It’s only been two weeks since my  bi-lateral mastectomy with auxiliary lymph node dissection on the right side. But before that I had to configure child care for three kids: age 20 months (today!) 5 and 7 for at least two weeks. I haven’t seen my daughter for two weeks and it makes me mad. Mad that this stupid cancer has taken away precious time with my family and that my summer is riddled with guilt that I have to rely on others to hold my babies. So before I get more ragey, I’ll get back to the day of surgery. (Insert Wayne World Memory Montage. – Damn it! YouTube is blocked in our house or I’d have included a link to a scene. Some people in our home have a YouTube problem that we needed to nip in the bud.)

Okay, so here’s the sunshine and puppies part! Joe and I arrived at the Suburban Hospital at 7am to sign in and head up for prep. We headed up to the 5th-floor waiting room and took a seat. Then this tiny little woman (after tripping and I felt bad) sat down and started eating a damn unripened peach. CRUNCH CRUNCH CRUNCH! What the hell, lady?! First of all, that sound makes me want to cause physical harm to people. This is totally a thing because not only do I have Breast Cancer but I also suffer from misophonia . I blame my parents. Ask them about the Rice Police. Second, this is a room where people haven’t eaten or had anything to drink since the day before and there you sit all fancy with your loud annoying peach. RUDE! I really thought typing that out would make me feel better. It didn’t. I’m now just as annoyed as I was then. And if you were wondering, I did let her live.

Finally, I get called back and am barraged with a bunch of questions about my health and whether I’m in an abusive relationship or not. Fun times. Then Joe is allowed back to join me. I meet one of my nurses who takes me down to Radiation Lab without Joe so I can get my nuclear medicine injected by four needles into my right breast. FYI: You don’t need the lidocaine shots. If you do, you are a complete idiot because then you’ve endured 8 shots. It’s kind of neat that because it’s a radioactive tracer that “lights up” any areas of cancer inside the breast.” Basically, my breast becomes a human light bright on the operating table. Pretty cool. On the way down in the elevator,  the nurses and I got to talking about paint colors and I suggested the one nurse try Balboa Mist for her new home. It looks taupe on the website but it’s really more like warm gray and I LOVE it! The other nurse mentioned she loves Benjamin Moore Paint. As you can tell, it was a thrilling elevator ride.

Also, my nuclear medicine nurse was having lunch that day with her best friend who she hadn’t seen in 35 years since she left India. I hope they had a great time. She seemed pretty excited.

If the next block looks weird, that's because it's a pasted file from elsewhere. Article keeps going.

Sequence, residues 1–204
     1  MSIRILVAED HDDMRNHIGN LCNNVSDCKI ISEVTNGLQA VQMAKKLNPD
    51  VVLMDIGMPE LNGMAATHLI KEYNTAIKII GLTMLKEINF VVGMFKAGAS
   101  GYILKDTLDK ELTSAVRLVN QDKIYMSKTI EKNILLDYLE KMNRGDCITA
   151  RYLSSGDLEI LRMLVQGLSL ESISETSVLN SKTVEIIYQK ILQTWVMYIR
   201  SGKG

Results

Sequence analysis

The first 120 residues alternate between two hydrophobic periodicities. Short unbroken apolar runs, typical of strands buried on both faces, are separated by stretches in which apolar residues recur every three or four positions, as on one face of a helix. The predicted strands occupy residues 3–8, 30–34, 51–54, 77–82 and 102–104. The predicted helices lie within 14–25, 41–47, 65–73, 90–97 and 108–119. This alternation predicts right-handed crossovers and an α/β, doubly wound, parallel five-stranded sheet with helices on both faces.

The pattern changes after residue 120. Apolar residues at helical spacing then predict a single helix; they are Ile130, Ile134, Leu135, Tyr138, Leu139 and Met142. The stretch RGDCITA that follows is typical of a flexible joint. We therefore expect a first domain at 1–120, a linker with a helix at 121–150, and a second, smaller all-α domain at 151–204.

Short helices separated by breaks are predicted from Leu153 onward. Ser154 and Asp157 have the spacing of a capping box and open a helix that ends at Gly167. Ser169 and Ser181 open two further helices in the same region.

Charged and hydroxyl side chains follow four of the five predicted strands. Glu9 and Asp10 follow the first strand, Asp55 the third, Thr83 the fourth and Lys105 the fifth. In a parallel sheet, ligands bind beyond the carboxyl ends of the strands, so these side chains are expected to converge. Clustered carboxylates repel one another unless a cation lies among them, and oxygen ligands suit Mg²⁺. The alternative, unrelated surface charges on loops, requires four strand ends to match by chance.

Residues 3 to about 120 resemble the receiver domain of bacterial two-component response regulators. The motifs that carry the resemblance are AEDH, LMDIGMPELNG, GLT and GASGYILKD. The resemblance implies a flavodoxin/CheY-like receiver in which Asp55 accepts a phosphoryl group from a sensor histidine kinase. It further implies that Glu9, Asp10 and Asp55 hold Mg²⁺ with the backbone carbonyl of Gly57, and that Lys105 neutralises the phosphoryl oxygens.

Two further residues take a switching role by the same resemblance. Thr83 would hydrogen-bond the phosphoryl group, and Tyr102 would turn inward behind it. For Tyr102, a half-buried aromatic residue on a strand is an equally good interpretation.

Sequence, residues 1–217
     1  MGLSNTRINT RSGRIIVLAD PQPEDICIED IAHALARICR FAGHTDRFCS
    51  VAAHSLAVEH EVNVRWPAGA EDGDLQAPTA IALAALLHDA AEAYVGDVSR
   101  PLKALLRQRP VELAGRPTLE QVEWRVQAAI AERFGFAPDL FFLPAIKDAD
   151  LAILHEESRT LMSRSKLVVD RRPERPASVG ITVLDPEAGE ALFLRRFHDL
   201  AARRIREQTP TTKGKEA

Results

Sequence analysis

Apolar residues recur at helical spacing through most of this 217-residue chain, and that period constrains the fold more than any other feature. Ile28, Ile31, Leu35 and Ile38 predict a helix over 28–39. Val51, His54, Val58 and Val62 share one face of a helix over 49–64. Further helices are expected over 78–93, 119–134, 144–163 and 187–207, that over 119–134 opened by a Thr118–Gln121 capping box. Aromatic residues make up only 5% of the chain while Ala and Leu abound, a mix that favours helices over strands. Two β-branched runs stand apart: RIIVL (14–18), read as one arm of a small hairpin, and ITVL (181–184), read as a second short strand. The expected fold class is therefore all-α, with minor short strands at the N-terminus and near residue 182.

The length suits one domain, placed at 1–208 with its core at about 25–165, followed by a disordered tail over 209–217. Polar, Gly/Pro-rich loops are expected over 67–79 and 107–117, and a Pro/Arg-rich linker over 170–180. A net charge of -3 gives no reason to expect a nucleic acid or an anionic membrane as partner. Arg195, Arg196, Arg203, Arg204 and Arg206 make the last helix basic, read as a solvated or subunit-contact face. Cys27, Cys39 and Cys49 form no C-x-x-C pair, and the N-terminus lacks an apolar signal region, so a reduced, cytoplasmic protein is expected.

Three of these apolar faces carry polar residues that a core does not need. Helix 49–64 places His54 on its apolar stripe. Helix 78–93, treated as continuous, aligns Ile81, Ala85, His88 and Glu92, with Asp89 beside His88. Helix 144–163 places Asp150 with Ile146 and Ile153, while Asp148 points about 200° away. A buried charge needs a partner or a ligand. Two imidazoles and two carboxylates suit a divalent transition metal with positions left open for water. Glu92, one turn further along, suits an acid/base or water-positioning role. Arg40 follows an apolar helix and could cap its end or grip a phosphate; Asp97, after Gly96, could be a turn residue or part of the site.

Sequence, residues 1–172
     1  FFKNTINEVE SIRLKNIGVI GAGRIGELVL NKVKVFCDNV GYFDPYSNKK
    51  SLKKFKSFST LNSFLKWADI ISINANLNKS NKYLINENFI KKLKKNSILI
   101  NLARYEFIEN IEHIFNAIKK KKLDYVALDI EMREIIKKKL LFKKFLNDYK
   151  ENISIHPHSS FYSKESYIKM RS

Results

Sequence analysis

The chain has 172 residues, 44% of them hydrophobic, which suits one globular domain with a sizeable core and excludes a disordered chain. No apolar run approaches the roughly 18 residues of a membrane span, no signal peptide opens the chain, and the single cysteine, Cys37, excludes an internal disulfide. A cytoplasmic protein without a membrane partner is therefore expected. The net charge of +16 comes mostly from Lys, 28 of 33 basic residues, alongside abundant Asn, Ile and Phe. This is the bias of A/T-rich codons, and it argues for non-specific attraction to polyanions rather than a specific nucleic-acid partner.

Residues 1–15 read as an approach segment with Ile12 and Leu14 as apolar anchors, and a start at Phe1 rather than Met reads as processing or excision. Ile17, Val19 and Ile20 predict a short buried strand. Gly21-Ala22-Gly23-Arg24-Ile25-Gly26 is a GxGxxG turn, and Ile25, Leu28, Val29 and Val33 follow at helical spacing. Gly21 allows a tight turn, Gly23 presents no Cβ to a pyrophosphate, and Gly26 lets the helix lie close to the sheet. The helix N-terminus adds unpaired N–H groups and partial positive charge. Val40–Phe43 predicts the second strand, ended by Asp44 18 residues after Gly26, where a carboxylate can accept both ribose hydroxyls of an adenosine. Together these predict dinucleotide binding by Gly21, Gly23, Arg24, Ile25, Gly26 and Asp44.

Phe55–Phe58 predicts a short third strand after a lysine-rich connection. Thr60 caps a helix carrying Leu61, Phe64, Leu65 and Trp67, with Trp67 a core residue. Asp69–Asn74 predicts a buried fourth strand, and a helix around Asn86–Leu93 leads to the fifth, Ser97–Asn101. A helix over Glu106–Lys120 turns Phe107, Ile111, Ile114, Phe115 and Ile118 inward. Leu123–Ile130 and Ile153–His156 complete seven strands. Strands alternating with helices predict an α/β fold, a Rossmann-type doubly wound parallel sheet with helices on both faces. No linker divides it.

Then it was back to the holding pen for patients while we waited for the doctors to visit. First up the anesthesiologist – he seemed nice enough and in retrospect, he did an excellent job because I only just remember smiling and being lifted onto the operating table and then waking up in the recovery room.

Then came my Plastic Surgeon, Dr. Kulharni. I love her and highly recommend her. She came in and did some lovely, very difficult to remove artwork on my breasts. Even Joe commented that she looked like an artist working on her masterpiece. I think we both flattered by that. Well done, Joe!

Then came Dr. Wright, who I also love,  to ensure everything was all set. Each person who came into the room made me describe to them in my own words what type of surgery I was having. In hindsight, I should have been more creative in my description. This must be why I wasn’t allowed coffee.

Then we got the call from the operating room letting us know it was game time. I received a sedative and don’t really even remember rolling through the halls. I remember entering the room, being placed on the operating table and then out I went.

But then I woke up and the drugs were awesome!

That’s all for now. More soon!

Much love to you all.




Well, that was awkward…

For six months I’ve known that I would be losing my breast. Off and on I would stop and think about it but it was such a foreign concept that it has been difficult to really wrap my brain around it. I think I’ve been pretty cool about it. People ask how I’m doing and usually, my response is something along the lines of “I’m fine. I mean I’m getting new ones!” And for the most part, that was a completely honest response. After all, they are my breasts and not my legs. They never worked anyway. I couldn’t even use them to feed my babies. It was heartbreaking.